There are two things that can set this behavior off, well three.
First, have him checked for a urinary infection if you haven’t already. Lots of the time if a cat that normally is well behaved begins having accidents this is the cause. It is painful for them, and they associate the pain with the litter box, and avoid it. Better to be safe and have him checked because in a boy this could cause a blockage in his urinary tract which then turns into an emergency. His bladder could burst.
If he gets a clean bill of health we have to look at the behavioral side. Two other triggers that come to mind are stress (caused by anything from a move, new furniture, new roommate or pet, schedule changes, moving the litter box, anything at all that has changed), or he could be marking his territory. (even though he is neutered, he is still capable of this behavior).
Aside from scooping the box everyday, there are products on the market to help with this. First, you can use a product called 'good cat' which can be purchased at Petco and is added to their water. It is sort of like a St. Johns Wort for cats. Or you can use a product called Rescue Remedy, which is a tincture you can get at health food stores. These will take a week or two to show their effect.
Next, there is a spray called Feliway that is also available in a diffuser, sort of like a plug in air freshener. This emits a pheromone smell that the cat interprets as friendly and in turn he will not feel the need to put his mark everywhere This is probably the most expensive, but also one of the most effective.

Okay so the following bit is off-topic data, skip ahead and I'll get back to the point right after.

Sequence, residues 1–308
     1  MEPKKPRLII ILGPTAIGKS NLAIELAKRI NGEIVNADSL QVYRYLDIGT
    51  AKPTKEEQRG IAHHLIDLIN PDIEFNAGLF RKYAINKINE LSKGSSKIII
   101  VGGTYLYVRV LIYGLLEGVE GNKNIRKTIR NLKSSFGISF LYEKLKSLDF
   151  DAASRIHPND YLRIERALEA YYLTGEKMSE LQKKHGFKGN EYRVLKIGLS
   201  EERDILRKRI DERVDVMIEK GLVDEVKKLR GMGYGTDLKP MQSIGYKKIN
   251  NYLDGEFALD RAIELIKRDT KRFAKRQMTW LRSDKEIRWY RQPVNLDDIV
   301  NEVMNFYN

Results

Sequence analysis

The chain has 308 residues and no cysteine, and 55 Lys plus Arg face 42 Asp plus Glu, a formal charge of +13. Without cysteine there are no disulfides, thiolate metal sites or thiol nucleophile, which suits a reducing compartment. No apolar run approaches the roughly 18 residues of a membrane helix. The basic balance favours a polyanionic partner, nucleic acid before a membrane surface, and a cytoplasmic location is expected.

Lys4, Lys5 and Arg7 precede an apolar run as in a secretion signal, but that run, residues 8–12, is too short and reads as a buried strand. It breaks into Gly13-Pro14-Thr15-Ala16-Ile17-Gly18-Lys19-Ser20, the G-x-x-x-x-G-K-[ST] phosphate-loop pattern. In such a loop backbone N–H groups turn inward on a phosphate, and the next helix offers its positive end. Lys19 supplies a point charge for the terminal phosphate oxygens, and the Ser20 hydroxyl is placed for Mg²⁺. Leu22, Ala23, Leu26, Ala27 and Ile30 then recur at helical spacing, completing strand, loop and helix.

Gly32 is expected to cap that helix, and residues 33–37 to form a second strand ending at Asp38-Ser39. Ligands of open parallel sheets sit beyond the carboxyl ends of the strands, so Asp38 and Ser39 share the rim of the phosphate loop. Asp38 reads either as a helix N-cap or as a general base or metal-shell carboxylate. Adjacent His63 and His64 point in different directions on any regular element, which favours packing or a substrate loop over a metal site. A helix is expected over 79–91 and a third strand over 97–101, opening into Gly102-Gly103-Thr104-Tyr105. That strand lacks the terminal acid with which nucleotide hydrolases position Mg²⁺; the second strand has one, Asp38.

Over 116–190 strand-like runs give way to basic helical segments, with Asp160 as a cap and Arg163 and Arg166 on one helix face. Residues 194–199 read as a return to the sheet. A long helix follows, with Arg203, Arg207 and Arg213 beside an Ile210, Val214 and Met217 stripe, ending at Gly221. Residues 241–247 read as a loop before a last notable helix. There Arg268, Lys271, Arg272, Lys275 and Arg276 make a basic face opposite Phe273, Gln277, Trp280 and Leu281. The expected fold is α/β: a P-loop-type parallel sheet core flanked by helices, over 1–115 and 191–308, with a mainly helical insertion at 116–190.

Lastly, there is a product called Cat Attract, that you add to that cat litter, also very, very effective, and does the trick most of the time. Also, number of litter boxes, you should have at least one box per cat, and one extra if you have the room. Some cats decide they do not like to pee where they poo. They should be in low traffic, semi private areas.
Clean all of his marking areas with a product called Nature’s Miracle or any other enzymatic cleaner that is made for the purpose of removing urine odors. This will keep him from being attracted back to those areas. This is a very important step. Also, you can try turning one of his areas into a feeding station, as this will help deter him.
I hope these ideas help you. Your case, I would start with a trip to the vet to rule out infection, then proceed with the Feliway, and the Cat Attract if he is infection free. Then add the Good Cat if needed. Give the above a couple of weeks to work. If it does not help, I have another technique that involves a special “vacation” room for him, but I only like to use this as a last resort. Also, another last resort is to ask your vet about a light anti-depressant for him. This can also be helpful in cases such as this, (mostly if stress related), but it can have side effects so it should only be used if nothing else has worked.